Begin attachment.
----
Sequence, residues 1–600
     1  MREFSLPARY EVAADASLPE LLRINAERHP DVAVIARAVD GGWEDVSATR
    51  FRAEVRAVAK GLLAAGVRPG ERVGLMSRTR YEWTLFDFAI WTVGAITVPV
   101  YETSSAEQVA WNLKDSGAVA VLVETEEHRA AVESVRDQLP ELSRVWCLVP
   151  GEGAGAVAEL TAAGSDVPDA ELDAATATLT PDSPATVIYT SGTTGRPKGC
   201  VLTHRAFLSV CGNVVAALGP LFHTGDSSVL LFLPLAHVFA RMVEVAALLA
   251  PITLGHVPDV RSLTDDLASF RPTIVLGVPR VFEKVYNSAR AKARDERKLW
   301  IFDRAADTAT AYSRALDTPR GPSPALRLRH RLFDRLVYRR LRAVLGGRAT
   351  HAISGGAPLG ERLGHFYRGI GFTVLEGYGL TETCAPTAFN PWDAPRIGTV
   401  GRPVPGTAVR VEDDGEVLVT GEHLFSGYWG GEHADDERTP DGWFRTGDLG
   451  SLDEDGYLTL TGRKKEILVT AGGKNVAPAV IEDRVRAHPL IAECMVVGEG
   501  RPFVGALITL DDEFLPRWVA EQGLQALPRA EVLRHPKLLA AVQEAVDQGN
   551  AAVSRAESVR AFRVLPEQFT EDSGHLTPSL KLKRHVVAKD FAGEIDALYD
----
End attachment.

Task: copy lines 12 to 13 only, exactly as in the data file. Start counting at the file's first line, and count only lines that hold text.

   501  RPFVGALITL DDEFLPRWVA EQGLQALPRA EVLRHPKLLA AVQEAVDQGN
   551  AAVSRAESVR AFRVLPEQFT EDSGHLTPSL KLKRHVVAKD FAGEIDALYD